Unhealthy in Healthcare? Risks of Working in Clinical Settings

However admirable a career in healthcare may be, taking care of others certainly comes with some risks.

by Eileen O’Shanassy

Mostly, the perception of the healthcare industry is a positive one. People often envision happy clinical assistants, eager nurses, and enthusiastic clinicians addressing the needs of patients, one by one. While this may be true when healthcare professionals begin their careers, the glamour tends to wear off relatively quickly. Unfortunately, healthcare as with any job, comes with various stressors, risks, and some generally unpleasant factors. However admirable and necessary, taking care of others may not be as bright and shiny as it is portrayed to be. Here are some common risks of working in healthcare.

Daily Stresses

The toll that working in healthcare can take on employee health can be staggering. There is often little time for human necessities like eating or bathroom breaks between appointments, consultations, and administrative tasks, not to mention meetings or special community events. Routinely rushing from one place to another fosters appreciation for minimizing personal needs, which drastically downplays the importance of self-care. Employees are so often praised for putting the needs of patients first, even when that puts them in physical danger. The idea that safety is a luxury rather than a right in a healthcare setting is unlike values in almost any other industry.

Personal Health

The fast-paced environment in many clinical settings means more ordering out and eating fast food, and less time for meal prep and nutritionally healthy choices. Taking care of other people doesn’t stop at the parking lot for many healthcare providers. Often, these employees are their families’ primary caretakers, which might mean shuttling off to start second shift after their workday ends. Spouses, partners, kids, pets, and other family members rely on healthcare providers to be chefs, maids, tutors, and general givers well after their work shifts end.

Low Pay

Salaries in the healthcare industry are often lower than most would anticipate, meaning that many healthcare workers pick up second or third jobs on top of busy schedules. Juggling jobs in addition to family life can take its toll relatively quickly, resulting in burnout. Additionally, stressful conditions mean potentially strained relationships with coworkers and supervisors. Often, healthcare organizations are hierarchical, which may not leave much leeway for disputing perceived wrongdoings. This lack of control is far from empowering for many lower on the totem pole. Working up to better positions often requires extra schooling or advanced degrees. Many medical personnel use financial aid opportunities provided by employers to go back to school and work toward a job with better pay but this can mean less free time outside of work as well.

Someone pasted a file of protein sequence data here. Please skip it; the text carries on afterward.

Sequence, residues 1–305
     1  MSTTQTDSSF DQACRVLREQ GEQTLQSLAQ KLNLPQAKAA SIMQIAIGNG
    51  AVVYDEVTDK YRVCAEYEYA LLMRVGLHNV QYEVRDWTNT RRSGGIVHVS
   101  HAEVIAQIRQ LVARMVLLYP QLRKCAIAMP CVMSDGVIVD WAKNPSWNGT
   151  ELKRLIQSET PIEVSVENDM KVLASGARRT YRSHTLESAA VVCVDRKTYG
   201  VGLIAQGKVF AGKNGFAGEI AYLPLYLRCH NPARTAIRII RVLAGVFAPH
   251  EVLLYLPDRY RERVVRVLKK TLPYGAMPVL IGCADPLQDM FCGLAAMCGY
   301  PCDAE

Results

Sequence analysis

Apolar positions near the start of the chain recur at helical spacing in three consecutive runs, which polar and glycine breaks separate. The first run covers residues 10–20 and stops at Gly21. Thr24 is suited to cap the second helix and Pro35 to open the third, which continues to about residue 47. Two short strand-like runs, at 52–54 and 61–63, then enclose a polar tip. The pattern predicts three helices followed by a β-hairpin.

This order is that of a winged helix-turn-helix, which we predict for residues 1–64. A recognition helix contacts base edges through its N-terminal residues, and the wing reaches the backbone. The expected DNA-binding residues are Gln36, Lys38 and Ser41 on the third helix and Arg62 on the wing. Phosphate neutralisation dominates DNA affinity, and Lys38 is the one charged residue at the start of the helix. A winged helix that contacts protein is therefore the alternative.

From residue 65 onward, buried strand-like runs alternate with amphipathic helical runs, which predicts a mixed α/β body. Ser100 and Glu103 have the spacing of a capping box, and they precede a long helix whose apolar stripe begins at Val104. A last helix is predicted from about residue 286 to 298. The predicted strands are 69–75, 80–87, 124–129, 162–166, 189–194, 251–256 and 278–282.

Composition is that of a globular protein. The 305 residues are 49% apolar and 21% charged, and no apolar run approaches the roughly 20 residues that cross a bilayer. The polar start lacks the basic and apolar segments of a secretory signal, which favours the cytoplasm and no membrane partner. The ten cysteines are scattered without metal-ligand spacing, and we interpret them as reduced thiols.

Sedentary Tendencies

There is typically less opportunity for physical activity than most would anticipate in a healthcare setting. Lots of time spent working means less time for exercise routines or trips to the gym. Long hours, even twenty-four or thirty-six hour shifts may not leave much time or energy for hobbies in general. Little intricacies like taking fast elevators over cumbersome stairs when carrying equipment also factor into the equation when considering daily health and exercise.

Exposure to Disease

Working in a place where sick patients are treated means frequent exposure to germs, illnesses, and other threats. Sometimes, due to haste or oversight, precautions are not always followed when it comes to infection control. For instance, during flu season, there may be an indication for patients with certain symptoms to wear masks. If front desk staff is not diligent about enforcing said rule, employees can be exposed to the flu.

Exposure to all sorts of bacteria via bodily fluids is also possible in some healthcare settings. Wearing personal protective equipment (PPE) is enforced in most organizations, but mistakes happen. Being stuck with a needle or scratched through a glove is not unheard of, and requires follow up care from the employer’s compensation facility.

Some risks within healthcare facilities can be prevented. Others may happen before you know it. However admirable, healthcare work necessitates considering several negative factors before diving in.

Eileen O’Shanassy is a freelance writer and blogger based out of Flagstaff, AZ. She writes on a variety of topics and loves to research and write. She enjoys baking, biking, and kayaking. Check out her Twitter, @eileenoshanassy.

Disclaimer: The viewpoint expressed in this article is the opinion of the author and is not necessarily the viewpoint of the owners or employees at Healthcare Staffing Innovations, LLC.